(a) all U.S. taxpayers who are not exempted;
(b) recalcitrant accounts;
(c) non-participating FFIs;
(d) certain non-financial foreign entities; and
(e) other persons as required under FATCA.
- The name, address and Taxpayer Identification Number (TIN) of each U.S. account holder (in the case of U.S. owned company, the name, address and TIN of each substantial U.S. owner of such entity);
- The account number;
- The account balance or value at year end; and
- Gross dividends, interest and other income paid or credited to the account.
“Withholdable” payments are U.S. sourced payments the IRS sees as posing the risk for potential tax avoidance. They include (a) any payment of interest, dividends, rents, salaries, wages, premiums, annuities, compensations, and other fixed or determinable annual or periodic gains, profits, and income if such payment is from sources within the United States; and (b) any gross proceeds from the sale or other disposition of any property of a type which can produce interest or dividends from sources within the United States.
U.S. source payment is a payment of income that arises from sources within the U.S. The source of income is determined based on the type of income. The source of compensation income is where the services giving rise to the income were performed. The source of certain income, such as dividends and interest, is based on residence of the payer. The source of income from property is based on where the property is used. Significant additional rules apply.
The FFI Agreement will come into effect on July 1, 2014 or a later date if the FFI registration takes place after July 1, 2014.
This is the requirements to implement procedures that will allow the FFI to collect all required information and documentation from new customers to identify U.S. citizens and residents and to collect the information for reporting under FATCA.
Account holders that became customers of the FFI before July 1, 2014.
Account holders that become a customer of the FFI from July 1, 2014 onward.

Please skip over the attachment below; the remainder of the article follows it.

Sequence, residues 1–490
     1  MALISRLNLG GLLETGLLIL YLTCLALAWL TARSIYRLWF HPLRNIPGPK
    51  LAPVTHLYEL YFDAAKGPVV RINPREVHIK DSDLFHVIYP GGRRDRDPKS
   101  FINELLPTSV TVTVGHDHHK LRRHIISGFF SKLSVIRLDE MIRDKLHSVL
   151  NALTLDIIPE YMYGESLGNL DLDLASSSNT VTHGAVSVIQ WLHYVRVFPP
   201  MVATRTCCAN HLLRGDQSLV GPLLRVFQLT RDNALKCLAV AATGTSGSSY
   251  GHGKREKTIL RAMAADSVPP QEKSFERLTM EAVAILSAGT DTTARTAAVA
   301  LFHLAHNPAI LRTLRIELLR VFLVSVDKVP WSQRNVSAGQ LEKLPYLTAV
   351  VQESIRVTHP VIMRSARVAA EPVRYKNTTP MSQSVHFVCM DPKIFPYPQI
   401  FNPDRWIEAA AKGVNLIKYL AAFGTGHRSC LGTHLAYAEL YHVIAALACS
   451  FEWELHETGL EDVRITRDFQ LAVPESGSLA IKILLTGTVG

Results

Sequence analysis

Through an electronic search of the FFI’s database based on the U.S. indicia.
FATCA lists seven indicia of U.S. status:
- U.S. citizenship or lawful permanent resident (green card) status;
- A U.S. birthplace;
- A U.S. residence address or a U.S. correspondence address (including a U.S. P.O. box);
- A current U.S. telephone number;
- Standing instructions to transfer funds to an account maintained in the United States or directions regularly received from a U.S. address;
- An “in care of” address or a “hold mail” address that is the sole address with respect to the client; or
- A power of attorney or signatory authority granted to a person with a U.S. address.
- Having one of these indicia does not mean that the account is owned by a U.S. person, only that it must be given closer scrutiny.
Notice 2011-34 provides details of the required documentation associated with each indicia of U.S. status:
U.S. citizenship or lawful permanent resident
U.S. birth place
1. Obtain W-9 or W-8BEN; and
U.S. address (residence, correspondence, or P.O. Box)
1. Obtain W-9 or W-8BEN; and
Instructions to transfer funds to U.S. accounts or directions regularly received from a U.S. address
1. Request W-9 or W-8BEN; and
Only address on file is “in care of” or “hold mail” or U.S. P.O. Box Notice 2011-34 excludes foreign PO Box as US indicia
1. Request W-9 or W-8BEN; and
Power of Attorney or signatory authority granted to person with U.S. address
Request W-9, W-8BEN; or
A joint account which has one U.S. owner is treated as a U.S. account and the entire account is subject to reporting to the U.S. person. The fact that they are not U.S. residents does not make a difference.
A “recalcitrant accountholder” is any accountholder that:
- fails to comply with reasonable requests for information necessary to determine if the account is a United States account;
- fails to provide the name, address and TIN of each U.S. person and each substantial U.S. owner of a U.S. owned foreign entity; or
- fails to provide a waiver of any foreign law that would prevent a foreign financial institution from reporting information required under FATCA.
- The participating FFI must withhold 30% of each incoming payment in the account of the recalcitrant account holder; and
- Accounts held by a recalcitrant accountholder must be closed within a reasonable period of time.
The money that is withheld by a FFI, must be transferred to the U.S. Treasury department.
The FATCA rules require that you ask any U.S. customer to waive their rights under the privacy or secrecy rules so that you can report their information to the U.S. Government. If they refuse to provide this waiver then you are required to close the account.